This graph appeared in yesterday's New York Times and I found it fascinating:
Look how much the share spent on food and clothing increased during World War II, and how much lower they are now than at any time since. And I was surprised to see the share spent on education being quite low, and not showing as much of a spike in recent years, despite other stats that show the price of college skyrocketing. This could be because not everyone goes to college, and because although the rack rates for tuition have skyrocketed, more and more people get financial aid in various forms to cover a lot of it. And of course health care costs have risen hugely, after being quite stable through the '30s and '40s-- but it still surprises me that on average we spend more on health care than we do on housing.
The article the chart accompanied mainly focused on the housing part of the budget, and whether this data suggests housing prices have stabilized or are still likely to fall. David Leonhardt says:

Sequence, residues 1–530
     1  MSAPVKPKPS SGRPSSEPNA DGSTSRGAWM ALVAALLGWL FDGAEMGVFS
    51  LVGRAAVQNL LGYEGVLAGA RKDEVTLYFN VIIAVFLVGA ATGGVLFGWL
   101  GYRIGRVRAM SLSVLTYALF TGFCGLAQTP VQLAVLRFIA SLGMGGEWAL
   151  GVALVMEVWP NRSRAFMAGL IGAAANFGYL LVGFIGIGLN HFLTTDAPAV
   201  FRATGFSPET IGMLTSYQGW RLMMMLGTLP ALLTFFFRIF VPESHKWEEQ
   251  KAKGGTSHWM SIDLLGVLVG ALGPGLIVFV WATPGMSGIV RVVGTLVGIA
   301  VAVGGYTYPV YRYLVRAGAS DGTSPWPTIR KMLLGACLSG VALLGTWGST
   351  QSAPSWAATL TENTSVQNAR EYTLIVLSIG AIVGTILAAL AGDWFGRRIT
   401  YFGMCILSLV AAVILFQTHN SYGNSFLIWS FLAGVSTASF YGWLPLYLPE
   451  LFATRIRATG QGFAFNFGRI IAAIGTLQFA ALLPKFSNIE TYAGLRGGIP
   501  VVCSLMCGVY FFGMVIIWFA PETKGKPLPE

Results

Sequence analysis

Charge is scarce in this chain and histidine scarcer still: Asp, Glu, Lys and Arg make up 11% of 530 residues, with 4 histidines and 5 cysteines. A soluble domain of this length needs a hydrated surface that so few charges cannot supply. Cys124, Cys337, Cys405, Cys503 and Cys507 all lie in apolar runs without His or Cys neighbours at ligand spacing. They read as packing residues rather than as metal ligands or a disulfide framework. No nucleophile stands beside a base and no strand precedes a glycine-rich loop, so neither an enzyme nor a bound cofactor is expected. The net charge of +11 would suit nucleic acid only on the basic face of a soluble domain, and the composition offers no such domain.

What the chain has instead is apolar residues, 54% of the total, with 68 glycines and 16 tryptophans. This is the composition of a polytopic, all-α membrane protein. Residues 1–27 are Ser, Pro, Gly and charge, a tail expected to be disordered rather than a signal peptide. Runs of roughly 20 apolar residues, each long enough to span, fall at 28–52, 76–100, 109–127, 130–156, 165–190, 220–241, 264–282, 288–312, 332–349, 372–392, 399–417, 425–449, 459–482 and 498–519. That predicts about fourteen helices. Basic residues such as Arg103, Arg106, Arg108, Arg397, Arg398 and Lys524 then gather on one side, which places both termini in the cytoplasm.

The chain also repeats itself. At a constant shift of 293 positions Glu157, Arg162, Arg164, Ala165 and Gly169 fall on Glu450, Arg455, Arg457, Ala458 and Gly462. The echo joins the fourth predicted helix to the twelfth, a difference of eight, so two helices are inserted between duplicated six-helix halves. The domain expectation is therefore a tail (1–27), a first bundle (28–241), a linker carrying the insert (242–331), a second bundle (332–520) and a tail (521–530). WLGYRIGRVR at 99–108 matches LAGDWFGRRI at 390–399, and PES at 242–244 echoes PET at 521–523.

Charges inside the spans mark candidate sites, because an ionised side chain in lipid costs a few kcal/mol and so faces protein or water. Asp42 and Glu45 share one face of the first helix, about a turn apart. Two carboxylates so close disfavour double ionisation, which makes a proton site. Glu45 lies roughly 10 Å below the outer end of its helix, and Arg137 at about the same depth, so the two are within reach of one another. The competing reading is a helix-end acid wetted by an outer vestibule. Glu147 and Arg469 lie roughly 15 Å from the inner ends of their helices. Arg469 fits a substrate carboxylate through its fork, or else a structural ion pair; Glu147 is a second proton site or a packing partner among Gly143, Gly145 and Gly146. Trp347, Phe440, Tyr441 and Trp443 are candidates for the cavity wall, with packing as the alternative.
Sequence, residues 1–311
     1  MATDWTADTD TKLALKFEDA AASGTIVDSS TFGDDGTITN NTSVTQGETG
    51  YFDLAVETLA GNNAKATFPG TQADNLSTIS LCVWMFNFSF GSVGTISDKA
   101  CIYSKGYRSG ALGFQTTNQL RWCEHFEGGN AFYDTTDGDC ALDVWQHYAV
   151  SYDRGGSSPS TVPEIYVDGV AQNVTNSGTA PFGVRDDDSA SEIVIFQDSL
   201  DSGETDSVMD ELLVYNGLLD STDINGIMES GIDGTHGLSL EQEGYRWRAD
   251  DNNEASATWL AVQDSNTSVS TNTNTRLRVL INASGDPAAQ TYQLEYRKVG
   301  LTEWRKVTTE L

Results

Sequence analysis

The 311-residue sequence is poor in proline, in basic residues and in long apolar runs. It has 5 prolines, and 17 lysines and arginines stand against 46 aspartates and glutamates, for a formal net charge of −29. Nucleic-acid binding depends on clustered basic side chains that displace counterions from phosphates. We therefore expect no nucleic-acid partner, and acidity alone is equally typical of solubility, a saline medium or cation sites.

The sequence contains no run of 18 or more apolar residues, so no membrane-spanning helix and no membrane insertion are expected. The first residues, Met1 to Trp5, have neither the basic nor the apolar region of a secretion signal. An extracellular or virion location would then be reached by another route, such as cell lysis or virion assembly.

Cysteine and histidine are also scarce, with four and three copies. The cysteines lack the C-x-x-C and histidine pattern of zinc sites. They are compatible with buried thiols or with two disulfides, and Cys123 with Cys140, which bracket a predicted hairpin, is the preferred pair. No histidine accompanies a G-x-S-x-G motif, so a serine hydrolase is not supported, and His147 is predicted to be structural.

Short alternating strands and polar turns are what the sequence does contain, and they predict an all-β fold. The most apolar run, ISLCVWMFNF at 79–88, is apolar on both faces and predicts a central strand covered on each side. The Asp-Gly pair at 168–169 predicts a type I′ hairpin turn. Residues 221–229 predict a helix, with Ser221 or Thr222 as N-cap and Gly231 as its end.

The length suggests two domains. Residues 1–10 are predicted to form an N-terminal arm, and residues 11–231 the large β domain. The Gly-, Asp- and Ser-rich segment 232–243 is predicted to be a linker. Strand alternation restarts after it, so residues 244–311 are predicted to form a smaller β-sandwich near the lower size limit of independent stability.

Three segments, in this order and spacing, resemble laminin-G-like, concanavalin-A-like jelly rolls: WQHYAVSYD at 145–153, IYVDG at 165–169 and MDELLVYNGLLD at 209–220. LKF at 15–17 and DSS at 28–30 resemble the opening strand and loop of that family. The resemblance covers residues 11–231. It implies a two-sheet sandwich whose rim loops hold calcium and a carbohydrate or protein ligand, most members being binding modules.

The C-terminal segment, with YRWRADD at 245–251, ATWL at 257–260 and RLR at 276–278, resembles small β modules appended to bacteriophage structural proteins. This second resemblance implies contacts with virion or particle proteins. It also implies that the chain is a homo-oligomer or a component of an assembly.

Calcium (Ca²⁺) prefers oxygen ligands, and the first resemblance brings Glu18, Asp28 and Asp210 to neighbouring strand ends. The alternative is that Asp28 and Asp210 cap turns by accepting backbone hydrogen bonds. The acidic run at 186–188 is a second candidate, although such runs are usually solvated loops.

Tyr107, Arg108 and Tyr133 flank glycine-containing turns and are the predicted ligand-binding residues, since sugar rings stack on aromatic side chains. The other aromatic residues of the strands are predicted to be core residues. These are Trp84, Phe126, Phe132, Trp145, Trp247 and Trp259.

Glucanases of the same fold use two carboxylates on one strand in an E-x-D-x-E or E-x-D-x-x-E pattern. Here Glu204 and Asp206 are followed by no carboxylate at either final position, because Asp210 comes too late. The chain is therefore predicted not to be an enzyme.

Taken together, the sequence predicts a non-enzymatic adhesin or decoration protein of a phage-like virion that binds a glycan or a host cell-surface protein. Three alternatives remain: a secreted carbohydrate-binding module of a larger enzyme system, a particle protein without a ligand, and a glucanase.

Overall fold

I can’t claim to clear up all the uncertainty. But I do want to suggest a framework for figuring out whether you lean bearish or less bearish: do you believe that housing is a luxury good and that societies spend more on it as they get richer? Or do you think it’s more like food, clothing and other staples that account for an ever smaller share of consumer spending over time?
If you believe housing resembles a luxury good, then you’ll end up thinking house prices will rise nearly as fast as incomes in the long run and that houses today aren’t terribly overvalued. If housing is a staple, though, prices will rise more slowly — with general inflation, as food tends to.
The difference between these two views ends up being huge, and it’s become the subject of an intriguing debate.
After digging into it, I come down closer to the luxury good side, which is to say the less bearish one. To me, housing does not rank with unemployment, the trade deficit, the budget deficit or consumer debt as one of the economy’s biggest problems. But you may disagree.
What do you think?